Background: Anorexia nervosa (AN) is a psychiatric disorder with an ego-syntonic nature, causing many patients to perceive their AN as part of their personal identity. Therefore, an important part of treatment is the externalization of the eating disorder, in order to help patients to perceive AN as an external influence. Studies on patient experiences of externalization in treatment for AN are sadly missing. The aims of this study were to investigate, first, patients' perspectives on the relation between identity and anorexia nervosa (AN) and second, their experiences of an externalizing approach during treatment.
Method: A qualitative interview study was conducted including fourteen patients with AN in either Family Based Treatment, the Maudsley Model for Anorexia Nervosa Treatment for Adults, Specialist Supportive Clinical Management-Severe Enduring or Cognitive Behavioural Therapy-Enhanced.
Results: There are important differences in participants' perceptions on how AN is related to identity. AN was perceived as part of identity, as alien or as a different side of the self. Patients' experiences towards an externalizing approach were ambivalent. Externalization was considered helpful, whilst also evoking a negative response. Participants reported feeling as if all their behaviour was referred to as part of AN, which elicited feelings of not being taken seriously or being wrongfully accused of being dishonest.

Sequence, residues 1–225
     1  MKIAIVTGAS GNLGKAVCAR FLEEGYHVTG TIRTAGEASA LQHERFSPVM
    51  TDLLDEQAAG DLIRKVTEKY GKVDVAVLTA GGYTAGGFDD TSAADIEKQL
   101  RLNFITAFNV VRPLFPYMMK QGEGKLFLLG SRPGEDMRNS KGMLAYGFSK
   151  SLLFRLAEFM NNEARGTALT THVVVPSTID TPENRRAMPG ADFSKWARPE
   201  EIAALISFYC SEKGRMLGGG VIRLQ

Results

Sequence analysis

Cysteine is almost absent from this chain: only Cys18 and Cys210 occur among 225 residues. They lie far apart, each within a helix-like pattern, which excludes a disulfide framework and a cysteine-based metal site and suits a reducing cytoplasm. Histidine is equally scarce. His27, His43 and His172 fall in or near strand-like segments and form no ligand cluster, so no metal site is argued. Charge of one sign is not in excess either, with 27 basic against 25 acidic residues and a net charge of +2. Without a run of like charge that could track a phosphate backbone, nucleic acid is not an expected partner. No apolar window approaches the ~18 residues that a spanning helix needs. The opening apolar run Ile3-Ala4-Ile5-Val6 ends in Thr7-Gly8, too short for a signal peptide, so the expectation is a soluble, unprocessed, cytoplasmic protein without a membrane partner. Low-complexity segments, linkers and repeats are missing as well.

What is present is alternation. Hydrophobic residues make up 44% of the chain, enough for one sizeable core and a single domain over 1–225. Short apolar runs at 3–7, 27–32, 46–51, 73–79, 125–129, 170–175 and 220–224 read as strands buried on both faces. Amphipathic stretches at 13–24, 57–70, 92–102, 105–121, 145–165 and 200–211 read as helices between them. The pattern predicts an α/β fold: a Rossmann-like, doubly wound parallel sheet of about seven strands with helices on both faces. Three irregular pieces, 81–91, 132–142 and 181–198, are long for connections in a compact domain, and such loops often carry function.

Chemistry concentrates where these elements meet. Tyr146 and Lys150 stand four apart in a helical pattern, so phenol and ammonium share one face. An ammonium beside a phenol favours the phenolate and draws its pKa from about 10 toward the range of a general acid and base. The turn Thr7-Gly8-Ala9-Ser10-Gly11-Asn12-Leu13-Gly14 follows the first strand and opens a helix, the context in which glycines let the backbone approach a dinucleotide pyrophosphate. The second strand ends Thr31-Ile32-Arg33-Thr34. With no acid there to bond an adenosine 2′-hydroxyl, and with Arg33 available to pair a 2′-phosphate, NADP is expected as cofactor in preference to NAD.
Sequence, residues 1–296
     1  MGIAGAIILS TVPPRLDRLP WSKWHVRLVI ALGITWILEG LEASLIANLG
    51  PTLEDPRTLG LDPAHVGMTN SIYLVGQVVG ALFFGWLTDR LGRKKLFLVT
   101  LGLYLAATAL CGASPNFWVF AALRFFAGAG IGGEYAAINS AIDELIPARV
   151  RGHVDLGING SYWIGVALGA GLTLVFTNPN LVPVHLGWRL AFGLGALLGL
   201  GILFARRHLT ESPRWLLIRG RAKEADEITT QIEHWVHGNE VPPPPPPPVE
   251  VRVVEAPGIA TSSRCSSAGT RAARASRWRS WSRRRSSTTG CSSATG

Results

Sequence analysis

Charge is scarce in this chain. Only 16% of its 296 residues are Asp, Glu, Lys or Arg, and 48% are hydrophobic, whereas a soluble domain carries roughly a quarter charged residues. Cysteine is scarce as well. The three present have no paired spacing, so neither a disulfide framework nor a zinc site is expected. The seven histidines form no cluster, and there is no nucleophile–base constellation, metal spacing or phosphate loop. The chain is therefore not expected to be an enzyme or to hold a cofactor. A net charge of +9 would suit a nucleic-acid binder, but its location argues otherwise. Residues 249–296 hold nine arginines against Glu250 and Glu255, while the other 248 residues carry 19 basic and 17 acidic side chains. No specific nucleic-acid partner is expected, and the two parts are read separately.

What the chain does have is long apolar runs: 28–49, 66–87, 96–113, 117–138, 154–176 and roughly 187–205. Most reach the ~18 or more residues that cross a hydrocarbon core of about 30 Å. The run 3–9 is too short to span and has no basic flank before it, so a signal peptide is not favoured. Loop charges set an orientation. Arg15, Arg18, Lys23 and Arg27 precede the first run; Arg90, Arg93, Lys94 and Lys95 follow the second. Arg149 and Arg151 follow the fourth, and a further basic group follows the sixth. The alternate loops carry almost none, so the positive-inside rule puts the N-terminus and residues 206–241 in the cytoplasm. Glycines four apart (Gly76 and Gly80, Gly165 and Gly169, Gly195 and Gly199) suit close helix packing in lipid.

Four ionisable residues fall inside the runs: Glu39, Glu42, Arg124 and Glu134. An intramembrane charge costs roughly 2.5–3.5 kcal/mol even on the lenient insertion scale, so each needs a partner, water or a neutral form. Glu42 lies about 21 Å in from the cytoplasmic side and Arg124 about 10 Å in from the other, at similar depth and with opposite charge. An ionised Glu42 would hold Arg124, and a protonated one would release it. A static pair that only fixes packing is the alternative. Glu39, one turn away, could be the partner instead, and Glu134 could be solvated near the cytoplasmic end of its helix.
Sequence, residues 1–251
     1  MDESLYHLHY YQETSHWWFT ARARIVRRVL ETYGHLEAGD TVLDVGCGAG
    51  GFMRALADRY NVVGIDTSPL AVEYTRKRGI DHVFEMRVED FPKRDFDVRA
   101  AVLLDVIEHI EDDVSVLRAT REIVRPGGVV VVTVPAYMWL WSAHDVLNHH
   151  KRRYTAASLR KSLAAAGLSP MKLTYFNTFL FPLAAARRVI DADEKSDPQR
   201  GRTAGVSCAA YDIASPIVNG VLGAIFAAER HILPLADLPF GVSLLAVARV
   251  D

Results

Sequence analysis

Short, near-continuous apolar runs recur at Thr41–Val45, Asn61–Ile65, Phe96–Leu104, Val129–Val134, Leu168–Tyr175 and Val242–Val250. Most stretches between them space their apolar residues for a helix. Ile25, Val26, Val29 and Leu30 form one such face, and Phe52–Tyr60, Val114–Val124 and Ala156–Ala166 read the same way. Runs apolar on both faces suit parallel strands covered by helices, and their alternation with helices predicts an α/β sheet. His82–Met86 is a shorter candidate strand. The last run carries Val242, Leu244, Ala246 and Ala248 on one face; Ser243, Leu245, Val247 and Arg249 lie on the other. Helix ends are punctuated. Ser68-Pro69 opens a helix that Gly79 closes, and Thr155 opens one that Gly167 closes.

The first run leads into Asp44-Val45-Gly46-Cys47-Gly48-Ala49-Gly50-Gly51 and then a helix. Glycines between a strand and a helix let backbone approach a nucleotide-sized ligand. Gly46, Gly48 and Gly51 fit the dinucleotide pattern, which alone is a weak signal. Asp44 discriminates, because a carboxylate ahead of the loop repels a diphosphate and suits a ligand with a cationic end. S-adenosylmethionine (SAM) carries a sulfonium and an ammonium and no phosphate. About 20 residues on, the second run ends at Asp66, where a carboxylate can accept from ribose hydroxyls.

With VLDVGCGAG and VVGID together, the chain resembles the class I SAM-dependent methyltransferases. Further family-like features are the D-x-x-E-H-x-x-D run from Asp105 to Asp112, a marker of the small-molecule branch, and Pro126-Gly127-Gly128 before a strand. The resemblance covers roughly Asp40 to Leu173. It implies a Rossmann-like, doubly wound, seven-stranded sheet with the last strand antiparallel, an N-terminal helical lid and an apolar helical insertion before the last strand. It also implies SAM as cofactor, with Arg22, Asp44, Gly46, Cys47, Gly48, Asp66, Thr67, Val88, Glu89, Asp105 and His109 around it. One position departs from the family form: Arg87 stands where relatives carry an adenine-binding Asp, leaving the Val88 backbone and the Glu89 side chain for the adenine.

Conclusions: First, there is considerable variation in the perceived relation between AN and identity. Second, an externalizing approach within treatment may lead to so called epistemic injustice. Awareness of these two facts is of importance for clinicians and the therapeutic relationship because that will help them to refrain from actions that can be perceived as epistemic injustice.
Keywords: Anorexia nervosa; Epistemic injustice; Externalization; Patient experience.
Many patients with anorexia nervosa (AN) have the experience that their eating disorder is part of who they are. Therefore, in the treatment of AN, healthcare professionals try to make clear to patients that there is a distinction between who they are and their AN. Through labelling certain thoughts and behaviour as stemming from AN, healthcare professionals guide patients in recognizing what is AN and what is not. This process is called externalization. In this study, fourteen patients with AN were interviewed on their thoughts about the relation between their identity and their eating disorder, and their experiences of externalization of AN within treatment. What becomes clear in these interviews is that patients’ perceptions on the relation between AN and their identity varies greatly, from experiencing AN as part of who they are to AN as something completely alien to them. Externalization is sometimes experienced as helpful, yet at the same time patients felt as if all behaviour was labelled as part of AN, which made them feel as if they were wrongly accused of being dishonest or not taken seriously. For healthcare professionals it is important to know that these side effects may arise when externalizing AN in treatment.
© 2021. The Author(s).